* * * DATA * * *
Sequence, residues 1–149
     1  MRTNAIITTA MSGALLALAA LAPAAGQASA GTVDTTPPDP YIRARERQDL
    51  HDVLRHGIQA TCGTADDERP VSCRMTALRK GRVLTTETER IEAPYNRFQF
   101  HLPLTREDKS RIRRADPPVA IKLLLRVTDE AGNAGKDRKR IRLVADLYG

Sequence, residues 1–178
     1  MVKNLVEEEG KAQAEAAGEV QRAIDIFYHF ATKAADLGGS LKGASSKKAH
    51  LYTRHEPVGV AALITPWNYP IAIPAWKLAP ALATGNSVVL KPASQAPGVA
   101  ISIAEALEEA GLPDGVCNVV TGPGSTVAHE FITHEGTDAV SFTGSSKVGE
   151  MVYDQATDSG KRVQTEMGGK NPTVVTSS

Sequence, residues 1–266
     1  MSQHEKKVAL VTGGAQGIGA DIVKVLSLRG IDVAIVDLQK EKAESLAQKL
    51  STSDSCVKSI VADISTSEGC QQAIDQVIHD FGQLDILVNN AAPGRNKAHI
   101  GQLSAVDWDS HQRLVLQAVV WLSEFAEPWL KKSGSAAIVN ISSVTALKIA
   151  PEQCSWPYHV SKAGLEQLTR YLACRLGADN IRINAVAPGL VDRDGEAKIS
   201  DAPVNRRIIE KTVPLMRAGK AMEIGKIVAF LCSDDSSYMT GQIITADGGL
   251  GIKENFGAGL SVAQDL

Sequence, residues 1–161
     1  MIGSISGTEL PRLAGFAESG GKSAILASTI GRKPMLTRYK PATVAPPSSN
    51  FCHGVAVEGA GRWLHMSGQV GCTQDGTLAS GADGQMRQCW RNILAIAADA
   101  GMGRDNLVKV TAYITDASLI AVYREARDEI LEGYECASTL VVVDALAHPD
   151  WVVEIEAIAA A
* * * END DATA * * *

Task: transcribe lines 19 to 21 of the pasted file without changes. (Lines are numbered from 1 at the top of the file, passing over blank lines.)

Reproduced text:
    51  FCHGVAVEGA GRWLHMSGQV GCTQDGTLAS GADGQMRQCW RNILAIAADA
   101  GMGRDNLVKV TAYITDASLI AVYREARDEI LEGYECASTL VVVDALAHPD
   151  WVVEIEAIAA A